The idea behind a Simpson sum is simple. I must note, however, that it must be understood that the minimum amount of points required to configure a straight line is two, while the minimum amount of points required to configure a parabolic curve is three, this being an important idea behind a Simpson sum. Now, since using a midpoint sum yields such a great accuracy using a line that connects two points, what if you were to use curves with three points to attempt to fit the curve? Basically, instead of having a straight line connecting two points within a sub interval, you can use three points connecting two lines within that sub interval. Now since a trapezoid sum's inaccuracy is always the opposite the inaccuracy of the midpoint sum, but twice the value, if you add the trapezoid sum to twice the midpoint sum and divide that value by three, the error would approach 0 significantly faster than with a trapezoid or midpoint sum thus producing remarkable accuracy.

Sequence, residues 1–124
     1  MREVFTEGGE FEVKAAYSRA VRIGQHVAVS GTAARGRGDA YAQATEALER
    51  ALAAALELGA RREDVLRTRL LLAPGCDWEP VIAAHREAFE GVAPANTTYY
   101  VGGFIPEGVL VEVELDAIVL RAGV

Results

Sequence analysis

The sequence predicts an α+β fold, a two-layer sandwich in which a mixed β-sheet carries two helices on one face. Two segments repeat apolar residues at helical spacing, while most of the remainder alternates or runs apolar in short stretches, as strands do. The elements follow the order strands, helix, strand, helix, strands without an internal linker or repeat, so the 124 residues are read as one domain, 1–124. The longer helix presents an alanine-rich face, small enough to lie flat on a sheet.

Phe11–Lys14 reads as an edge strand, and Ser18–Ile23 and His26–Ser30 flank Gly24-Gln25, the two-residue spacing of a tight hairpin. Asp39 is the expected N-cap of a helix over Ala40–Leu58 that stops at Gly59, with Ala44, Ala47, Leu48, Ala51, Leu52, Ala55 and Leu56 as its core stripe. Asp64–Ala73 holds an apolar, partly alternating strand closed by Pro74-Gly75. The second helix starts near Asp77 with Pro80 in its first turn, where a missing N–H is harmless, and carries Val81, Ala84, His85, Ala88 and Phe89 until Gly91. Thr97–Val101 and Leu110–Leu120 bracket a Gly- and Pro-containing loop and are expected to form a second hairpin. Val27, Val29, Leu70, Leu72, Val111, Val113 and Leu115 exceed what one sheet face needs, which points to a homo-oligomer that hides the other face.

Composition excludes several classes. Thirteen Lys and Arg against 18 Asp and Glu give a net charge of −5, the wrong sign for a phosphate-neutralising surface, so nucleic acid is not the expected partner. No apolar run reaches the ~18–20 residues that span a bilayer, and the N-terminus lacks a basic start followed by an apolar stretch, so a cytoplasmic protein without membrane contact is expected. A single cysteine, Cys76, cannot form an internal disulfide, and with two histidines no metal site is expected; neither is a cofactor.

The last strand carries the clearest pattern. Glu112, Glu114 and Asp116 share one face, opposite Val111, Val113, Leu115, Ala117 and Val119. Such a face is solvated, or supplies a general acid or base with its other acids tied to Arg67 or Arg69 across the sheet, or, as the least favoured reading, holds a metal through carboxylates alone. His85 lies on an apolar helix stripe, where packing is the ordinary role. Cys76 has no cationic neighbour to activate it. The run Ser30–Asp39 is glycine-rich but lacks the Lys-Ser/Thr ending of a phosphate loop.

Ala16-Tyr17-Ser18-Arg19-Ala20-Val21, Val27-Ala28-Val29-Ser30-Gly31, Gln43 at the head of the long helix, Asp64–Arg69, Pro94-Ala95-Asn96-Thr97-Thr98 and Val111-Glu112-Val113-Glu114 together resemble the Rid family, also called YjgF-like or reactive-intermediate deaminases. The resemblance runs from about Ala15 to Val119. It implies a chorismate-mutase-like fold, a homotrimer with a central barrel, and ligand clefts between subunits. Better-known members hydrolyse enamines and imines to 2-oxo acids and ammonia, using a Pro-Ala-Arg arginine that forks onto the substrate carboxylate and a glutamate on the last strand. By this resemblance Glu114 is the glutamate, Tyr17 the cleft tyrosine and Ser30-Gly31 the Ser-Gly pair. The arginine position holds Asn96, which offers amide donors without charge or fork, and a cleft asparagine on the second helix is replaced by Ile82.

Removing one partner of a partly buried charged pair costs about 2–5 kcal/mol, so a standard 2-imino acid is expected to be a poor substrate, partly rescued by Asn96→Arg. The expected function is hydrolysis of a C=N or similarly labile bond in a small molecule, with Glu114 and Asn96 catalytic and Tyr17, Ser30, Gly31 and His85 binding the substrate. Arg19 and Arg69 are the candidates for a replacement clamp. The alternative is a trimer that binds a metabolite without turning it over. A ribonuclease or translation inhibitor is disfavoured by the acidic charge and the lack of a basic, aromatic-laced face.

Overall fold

Now, formal introductions to the idea of trapezoid and midpoint sum error calculations are necessary. These error calculations are as follows:


Wow, I'm finally finished scribing. I didn't think that this post would be so long, and I really wanted to complete this scribe using notebook software or something else, but I was having a great amount of tribulation when trying to export, publish, upload, etc. Well anyway, this is pretty much complete now, all that's left is to state who the next scribe will be! Well goodnight and goodbye everyone! Have a great weekend.
Ah yes, the next scribe will be :


Auntie Derivative's Party!